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From: mmajor at bishop.bishop.hawaii.org (maurice major) on 1997.05.05 at 13:24:24(716)
>Date: Sun, 4 May 1997 11:34:41 -0500 (CDT)
>From: Lester Kallus
>To: Aroid list
>Subject: tillers for gardens
>I know the following message isn't specifically about Aroids, but it is
>about gardening so that I can grow some large aroids outside.
>It's finally spring here on Long Island and it's time to set up the new
>beds. This year, I want to have some large areas of colocasias, alocasias
>and caladiums with my few Amorphophallus mixed in.
>Long Island garden soil is essentially sand with a couple bits of organic
>material. My landscaper dropped off a huge mound of oak leaf compost and
>I'd like to mix that in. Tropicals usually do great in it.
You may want to forego the tiller entirely. On the Pacific atolls where some
of the varieties you mentione are grown as food crops, they also have a
sandy soil. They dig a pit and throw in organic matter, then plant. The
compost is concentrated in the planting hole, where the plant needs it.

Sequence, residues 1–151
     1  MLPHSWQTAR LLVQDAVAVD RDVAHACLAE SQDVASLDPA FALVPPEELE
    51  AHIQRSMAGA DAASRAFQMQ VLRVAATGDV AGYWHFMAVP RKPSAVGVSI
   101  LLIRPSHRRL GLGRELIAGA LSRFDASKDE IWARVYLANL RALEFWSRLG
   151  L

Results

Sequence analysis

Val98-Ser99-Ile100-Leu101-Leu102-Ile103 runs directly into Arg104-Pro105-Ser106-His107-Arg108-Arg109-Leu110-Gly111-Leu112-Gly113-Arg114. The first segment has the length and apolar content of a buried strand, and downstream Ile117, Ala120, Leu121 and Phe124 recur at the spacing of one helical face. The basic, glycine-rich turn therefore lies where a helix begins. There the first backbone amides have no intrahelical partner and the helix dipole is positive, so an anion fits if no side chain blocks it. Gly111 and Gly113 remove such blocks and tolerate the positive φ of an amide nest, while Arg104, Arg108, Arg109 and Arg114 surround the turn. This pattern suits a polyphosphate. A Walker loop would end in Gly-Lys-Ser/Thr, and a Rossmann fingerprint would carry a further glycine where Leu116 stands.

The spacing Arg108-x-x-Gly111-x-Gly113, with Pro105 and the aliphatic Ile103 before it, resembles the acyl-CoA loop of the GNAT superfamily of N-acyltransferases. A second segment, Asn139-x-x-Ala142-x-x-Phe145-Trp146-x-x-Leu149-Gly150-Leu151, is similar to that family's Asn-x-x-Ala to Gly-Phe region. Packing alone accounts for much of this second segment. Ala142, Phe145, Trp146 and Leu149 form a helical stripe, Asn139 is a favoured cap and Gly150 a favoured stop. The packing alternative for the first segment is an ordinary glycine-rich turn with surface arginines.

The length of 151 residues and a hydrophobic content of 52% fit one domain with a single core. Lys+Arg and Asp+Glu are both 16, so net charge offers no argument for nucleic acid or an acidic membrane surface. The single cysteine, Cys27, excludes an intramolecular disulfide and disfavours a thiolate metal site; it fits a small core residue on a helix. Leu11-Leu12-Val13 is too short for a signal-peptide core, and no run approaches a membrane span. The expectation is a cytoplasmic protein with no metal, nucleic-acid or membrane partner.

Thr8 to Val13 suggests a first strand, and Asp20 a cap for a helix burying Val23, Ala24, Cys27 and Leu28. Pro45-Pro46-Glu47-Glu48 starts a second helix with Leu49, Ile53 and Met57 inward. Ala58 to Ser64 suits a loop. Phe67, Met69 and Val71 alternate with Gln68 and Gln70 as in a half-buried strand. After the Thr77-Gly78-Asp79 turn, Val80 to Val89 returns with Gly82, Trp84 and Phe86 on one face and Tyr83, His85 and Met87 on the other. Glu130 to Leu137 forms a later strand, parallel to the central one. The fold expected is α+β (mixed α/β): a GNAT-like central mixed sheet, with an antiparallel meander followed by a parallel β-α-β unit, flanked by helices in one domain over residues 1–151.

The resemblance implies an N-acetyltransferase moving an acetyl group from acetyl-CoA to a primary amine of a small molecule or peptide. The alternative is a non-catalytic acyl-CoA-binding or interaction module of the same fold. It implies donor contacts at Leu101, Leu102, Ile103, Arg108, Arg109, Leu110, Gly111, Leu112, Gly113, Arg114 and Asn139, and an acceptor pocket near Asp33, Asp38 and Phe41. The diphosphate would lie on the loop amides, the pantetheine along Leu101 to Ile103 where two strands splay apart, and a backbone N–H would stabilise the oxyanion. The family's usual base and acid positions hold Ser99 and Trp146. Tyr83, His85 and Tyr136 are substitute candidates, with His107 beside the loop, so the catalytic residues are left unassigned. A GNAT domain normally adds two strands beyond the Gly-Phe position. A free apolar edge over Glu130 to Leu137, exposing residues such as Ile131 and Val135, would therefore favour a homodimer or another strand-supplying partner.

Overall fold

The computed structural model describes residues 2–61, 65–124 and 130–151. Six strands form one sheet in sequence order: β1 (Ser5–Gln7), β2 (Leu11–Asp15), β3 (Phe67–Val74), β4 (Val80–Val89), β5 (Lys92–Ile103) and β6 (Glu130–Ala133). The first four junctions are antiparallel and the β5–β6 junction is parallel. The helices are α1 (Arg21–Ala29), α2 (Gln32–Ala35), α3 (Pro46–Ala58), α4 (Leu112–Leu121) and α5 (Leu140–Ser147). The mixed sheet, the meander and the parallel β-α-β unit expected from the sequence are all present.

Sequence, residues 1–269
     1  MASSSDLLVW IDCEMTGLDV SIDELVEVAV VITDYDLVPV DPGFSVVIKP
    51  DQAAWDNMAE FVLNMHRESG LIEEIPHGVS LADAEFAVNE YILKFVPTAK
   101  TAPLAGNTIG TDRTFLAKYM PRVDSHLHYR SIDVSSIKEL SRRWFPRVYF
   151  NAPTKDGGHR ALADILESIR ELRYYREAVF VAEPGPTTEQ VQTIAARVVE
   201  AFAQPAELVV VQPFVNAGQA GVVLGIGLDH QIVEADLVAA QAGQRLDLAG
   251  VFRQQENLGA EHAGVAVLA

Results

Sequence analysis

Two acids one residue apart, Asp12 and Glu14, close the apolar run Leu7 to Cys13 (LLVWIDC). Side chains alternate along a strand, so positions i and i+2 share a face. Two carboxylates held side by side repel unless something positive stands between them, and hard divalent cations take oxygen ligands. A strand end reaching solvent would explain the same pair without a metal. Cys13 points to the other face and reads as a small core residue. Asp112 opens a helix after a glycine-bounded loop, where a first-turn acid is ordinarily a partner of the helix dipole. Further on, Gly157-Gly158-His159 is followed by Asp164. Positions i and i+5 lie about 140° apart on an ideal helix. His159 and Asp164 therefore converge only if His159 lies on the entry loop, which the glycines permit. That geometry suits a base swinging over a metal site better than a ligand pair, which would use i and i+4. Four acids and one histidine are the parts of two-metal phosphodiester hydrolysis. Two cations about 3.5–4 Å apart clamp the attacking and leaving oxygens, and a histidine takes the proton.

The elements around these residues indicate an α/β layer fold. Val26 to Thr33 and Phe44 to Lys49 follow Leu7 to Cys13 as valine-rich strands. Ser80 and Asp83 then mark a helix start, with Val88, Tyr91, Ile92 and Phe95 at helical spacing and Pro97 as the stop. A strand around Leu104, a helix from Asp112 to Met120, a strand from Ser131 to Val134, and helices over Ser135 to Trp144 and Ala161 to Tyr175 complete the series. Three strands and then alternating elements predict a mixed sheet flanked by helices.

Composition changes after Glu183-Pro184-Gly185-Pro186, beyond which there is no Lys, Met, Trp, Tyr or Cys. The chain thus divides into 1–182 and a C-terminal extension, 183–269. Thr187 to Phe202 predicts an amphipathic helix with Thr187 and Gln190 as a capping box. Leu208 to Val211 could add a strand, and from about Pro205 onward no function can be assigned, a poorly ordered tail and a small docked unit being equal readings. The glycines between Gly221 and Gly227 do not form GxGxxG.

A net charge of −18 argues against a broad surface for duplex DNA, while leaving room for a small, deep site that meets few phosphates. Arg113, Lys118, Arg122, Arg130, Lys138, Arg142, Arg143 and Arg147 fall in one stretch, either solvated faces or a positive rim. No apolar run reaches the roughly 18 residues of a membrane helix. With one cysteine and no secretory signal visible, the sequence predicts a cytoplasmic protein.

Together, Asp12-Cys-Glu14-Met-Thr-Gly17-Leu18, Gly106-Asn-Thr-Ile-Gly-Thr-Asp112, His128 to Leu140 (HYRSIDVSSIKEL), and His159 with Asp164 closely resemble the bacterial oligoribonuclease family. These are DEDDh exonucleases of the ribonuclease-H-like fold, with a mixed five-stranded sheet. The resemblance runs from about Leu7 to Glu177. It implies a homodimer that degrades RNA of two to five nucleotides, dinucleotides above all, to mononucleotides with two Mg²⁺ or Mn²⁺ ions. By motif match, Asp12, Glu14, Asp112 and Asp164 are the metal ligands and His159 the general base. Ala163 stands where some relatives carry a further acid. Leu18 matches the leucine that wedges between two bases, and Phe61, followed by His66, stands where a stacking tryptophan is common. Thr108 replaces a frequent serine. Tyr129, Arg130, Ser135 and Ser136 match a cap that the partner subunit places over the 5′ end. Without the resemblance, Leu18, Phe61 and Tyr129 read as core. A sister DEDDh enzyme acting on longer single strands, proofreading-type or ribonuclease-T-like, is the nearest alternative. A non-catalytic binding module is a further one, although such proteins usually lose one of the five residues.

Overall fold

Tilling would disperse it. Another problem with tilling (here, anyway, where
the winter does not kill off cormlets), is that tilling spreads bits of
corms and other remnant bits of the last crop, which then sprout. That mixes
varieties in the bed.

Then again, I cannot expect everybody to do their gardening with a stick.

Maurice (Stone-age, no, Wood-age Gardener)

From: Lester Kallus <lkallus at earthlink.net> on 1997.05.05 at 18:59:44(718)
Actually, there's very little fear of bits of corms being mixed in when the
winter air temperature drops to 0-5 degrees and the soil freezes solid.
I'm still waiting to see if my experiment to see just how zone 7'ish my
colocasias truly are. We had a 7b-8a winter yet I don't see a hint of
growth where last year's colocasias used to be.


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